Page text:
Wow! Talk about a busy day. Today began with a lot of interesting information about photography and taking good pictures for journaling. Teacher Bill Schmoker gave us some excellent tips about taking good photos to tell a story. Have you ever thought about being a photographer or using photographs to tell a story?
Betsy is a PolarTREC teacher and an excellent mentor to this year's group.
Then, we went on to talk about using video. I think that creating, shooting, editing, and publishing a video is such a cool process. It takes a lot of time, but when it is done well, it can be a really powerful product. I have a lot of new respect for videographers and others involved in making movies.
Museum of the North
Then, we were off to the Museum of the North at the University of Alaska...
Just a reminder of where we are...carved into the ice.
Today was focused mainly on creating journals for the PolarTREC web site. I am really impressed with the ability of this year's PolarTREC teachers. I strongly encourage you to check out all of this year's participants. In particular, there are two PolarTREC teachers preparing to go out to the field in the next two weeks. Check out their expeditions by clicking the links below!
World Ice Art Championships
In the evening, we went over to the World Ice Art Championships. The carvings are huge! They are beautiful works of art and I was especially pleased to see how many students were submitting entries in the competition. All in all, it was an incredibly fun night!
Check out this dragon! Impressive....
Fairbanks, I'm back...
Well, it's been a bit of a journey to get here. Two car rides, three flights, four time zones and about 60 degrees cooler. I left Delaware Friday evening at 6 PM and arrived in Fairbanks, Alaska on Sunday morning at 1 AM.
This was all the help I got when packing!
Here's a quick summary of the adventure thus far:
Depart Delaware for Philadelphia, Pennsylvania (100 miles)
Fly from Philadelphia to Minneapolis, Minnesota (1,100 miles)
Fly from Minneapolis, Minnesota to Anchorage, Alaska (3,000 miles)
Fly from Anchorage, Alaska to Fairbanks, Alaska (300 miles)
How clever is this bear statue in the airport?
This Snoopy statue made me smile in Minneapolis.
Check out this moose statue in the Minneapolis airport!
What are you doing back in Fairbanks?
If you measured our expedition based on achievements alone, we had an incredibly successful eight weeks together. In that short time, our team accomplished:
Thousands of Worms Collected
Worm DNA collected and prepared for analysis
Live worm cultures established
Temperature Experiments Begun
Live worm culture shipped and established back in the lab in Delaware
Over 100 dives logged underwater
More than 10,000 photos taken above the ice
More than 300 underwater photos
Hundreds of minutes of underwater video
Over 70 journals with over 500 photos
22 on-line sessions with students & teachers
We collected many worms! (Photo courtesy of Annamarie Pasqualone)
What is much more difficult to quantify will be the lasting effects of this experience. I knew coming into this...
Departing McMurdo Station is usually a day of mixed emotions. Some people are thrilled to be leaving. Often, they are thinking of the family and friends that they are returning to. Others are sad to be leaving. Often, they are thinking of the family and friends that they are leaving behind on the ice.
For me, it's both. I am really excited to be returning to my family and my students. I am also really sad to be leaving my friends who remain on the ice. They will continue on the important scientific work, and continue making new memories without me. Just as with Dr. Stacy Kim and Dr. Adam Marsh before me, it is a bittersweet parting. Soon after my departure, Stephanie and Annamarie will leave the ice, and so will conclude our field work.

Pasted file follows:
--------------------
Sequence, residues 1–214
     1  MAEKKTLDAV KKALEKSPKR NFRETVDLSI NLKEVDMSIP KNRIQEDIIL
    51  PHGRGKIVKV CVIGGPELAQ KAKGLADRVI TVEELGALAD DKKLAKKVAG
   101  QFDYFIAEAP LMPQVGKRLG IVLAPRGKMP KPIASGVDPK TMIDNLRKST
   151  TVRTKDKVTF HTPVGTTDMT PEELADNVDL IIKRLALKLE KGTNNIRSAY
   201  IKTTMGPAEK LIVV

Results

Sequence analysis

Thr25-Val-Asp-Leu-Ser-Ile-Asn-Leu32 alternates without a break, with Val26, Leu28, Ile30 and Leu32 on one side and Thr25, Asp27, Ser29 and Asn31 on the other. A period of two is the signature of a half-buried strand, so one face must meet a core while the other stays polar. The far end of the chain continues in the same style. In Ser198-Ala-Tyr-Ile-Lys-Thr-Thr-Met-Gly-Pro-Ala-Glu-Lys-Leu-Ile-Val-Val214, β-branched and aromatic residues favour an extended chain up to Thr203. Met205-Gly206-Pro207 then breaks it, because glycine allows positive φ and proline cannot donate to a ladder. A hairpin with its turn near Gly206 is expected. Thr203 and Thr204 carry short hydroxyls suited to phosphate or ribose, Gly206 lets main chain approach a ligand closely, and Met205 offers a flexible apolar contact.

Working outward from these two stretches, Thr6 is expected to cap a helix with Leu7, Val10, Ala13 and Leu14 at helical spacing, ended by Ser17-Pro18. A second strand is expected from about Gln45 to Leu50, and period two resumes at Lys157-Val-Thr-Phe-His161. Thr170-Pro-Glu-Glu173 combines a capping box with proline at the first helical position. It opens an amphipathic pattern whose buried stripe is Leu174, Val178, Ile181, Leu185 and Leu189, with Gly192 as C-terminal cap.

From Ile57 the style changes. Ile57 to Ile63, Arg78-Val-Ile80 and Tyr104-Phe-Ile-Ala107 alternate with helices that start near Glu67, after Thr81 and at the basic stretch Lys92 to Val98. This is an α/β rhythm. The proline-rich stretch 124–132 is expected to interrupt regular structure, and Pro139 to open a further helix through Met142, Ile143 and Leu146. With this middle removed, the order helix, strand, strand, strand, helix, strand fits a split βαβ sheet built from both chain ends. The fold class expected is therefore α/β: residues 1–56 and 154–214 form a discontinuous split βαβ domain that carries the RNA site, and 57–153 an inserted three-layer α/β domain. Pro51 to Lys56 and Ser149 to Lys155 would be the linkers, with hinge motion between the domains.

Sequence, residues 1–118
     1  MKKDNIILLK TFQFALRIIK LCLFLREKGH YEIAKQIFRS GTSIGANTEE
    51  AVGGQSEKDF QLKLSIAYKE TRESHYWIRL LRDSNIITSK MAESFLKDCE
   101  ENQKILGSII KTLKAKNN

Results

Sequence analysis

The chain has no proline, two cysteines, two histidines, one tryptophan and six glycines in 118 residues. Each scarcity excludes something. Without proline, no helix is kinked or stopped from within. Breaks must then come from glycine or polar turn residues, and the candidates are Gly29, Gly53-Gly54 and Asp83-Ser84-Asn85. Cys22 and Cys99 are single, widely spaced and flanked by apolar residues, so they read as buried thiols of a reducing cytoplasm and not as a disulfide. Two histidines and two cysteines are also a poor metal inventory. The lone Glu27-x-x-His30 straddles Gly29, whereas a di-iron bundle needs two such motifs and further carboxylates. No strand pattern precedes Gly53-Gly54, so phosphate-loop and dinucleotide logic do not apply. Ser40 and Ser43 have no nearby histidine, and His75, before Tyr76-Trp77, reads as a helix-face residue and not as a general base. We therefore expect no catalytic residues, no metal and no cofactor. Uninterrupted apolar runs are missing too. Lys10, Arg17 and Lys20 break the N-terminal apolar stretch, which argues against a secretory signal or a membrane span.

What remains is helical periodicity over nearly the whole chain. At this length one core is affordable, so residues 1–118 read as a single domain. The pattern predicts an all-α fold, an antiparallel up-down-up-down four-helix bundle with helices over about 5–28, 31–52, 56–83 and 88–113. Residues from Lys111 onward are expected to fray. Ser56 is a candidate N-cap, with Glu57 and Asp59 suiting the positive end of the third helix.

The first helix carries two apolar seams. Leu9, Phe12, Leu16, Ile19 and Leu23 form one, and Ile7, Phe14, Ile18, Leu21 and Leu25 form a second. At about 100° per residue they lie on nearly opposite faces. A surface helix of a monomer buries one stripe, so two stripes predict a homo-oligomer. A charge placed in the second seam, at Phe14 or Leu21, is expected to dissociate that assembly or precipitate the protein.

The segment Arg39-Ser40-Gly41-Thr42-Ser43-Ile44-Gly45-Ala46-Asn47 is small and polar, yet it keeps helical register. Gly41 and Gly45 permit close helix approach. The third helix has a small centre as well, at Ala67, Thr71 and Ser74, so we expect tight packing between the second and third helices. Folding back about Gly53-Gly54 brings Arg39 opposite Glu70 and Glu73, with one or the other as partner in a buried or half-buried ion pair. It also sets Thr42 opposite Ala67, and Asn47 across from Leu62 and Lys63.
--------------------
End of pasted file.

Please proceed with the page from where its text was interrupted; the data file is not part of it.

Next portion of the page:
One thing I will...
Despite how smooth our journals may have seemed to you... As with any expedition, things didn't always run smoothly. Here are a few of our more humorous situations from the 2011 field season.
Sea Ice Conditions
This was the first year in about a decade where all of the sea ice cleared out in front of McMurdo Station. As a result, there was a lot of hesitation and uncertainty when we began to travel out on the sea ice. There was a lot of concern about where to travel and safety around sea ice cracks. In fact, the situation was still on-going as we prepare to leave the ice. We spent countless hours driving around sea ice cracks. Fortunately, we never fell into any...
This was a year of many sea ice cracks. There was a lot of driving around them.
It's really hard to put into words the experiences we shared under the ice. The 2011 diving season had some amazing moments for our group. There are too many to try to name, so I'll just leave the diving with a few amazing pictures from my last dive and a couple of accomplishments from our diving group.
A beautiful photo of the underwater landscape, with the ice overhead and the sea floor covered. (Photo courtesy of Steve Rupp)
We saw lots of Weddell seals active in the shallow water on our last dive. (Photo courtesy of Steve Rupp)
We saw this amazing sea star moving with tube feet exposed on our last dive. (Photo courtesy of Steve Rupp)
Another Weddell seal swimming around, with the ice in the background. (Photo courtesy of Steve Rupp)
Saving the Best for Last
For my last two Antarctic dives, Rob Robbins and Steve Rupp arranged for a new hole to be drilled at a dive site known as Turtle Rock. While I knew it would make for some memorable diving, I didn't know just how memorable!
Meet the Antarctic Octopus
Octopus are classified in the class known as "Cephalopoda", meaning "head-foot". This is a very accurate description for an animal that is basically one large head (mantle) and eight tentacles serving as feet. They are invertebrates, having no backbone and almost entirely soft bodies. In fact, the only hard part on most octopus are their beak-like mouth, located in the center of their underside.
Mike found this octopus and held it up. (Photo courtesy of Steve Rupp)
We organize organisms into...
Given the limited time I have remaining at McMurdo, it seemed wise to take a look at a few of the other work centers around the station. Today, I received three great tours of the Power, Water, and Wastewater plants.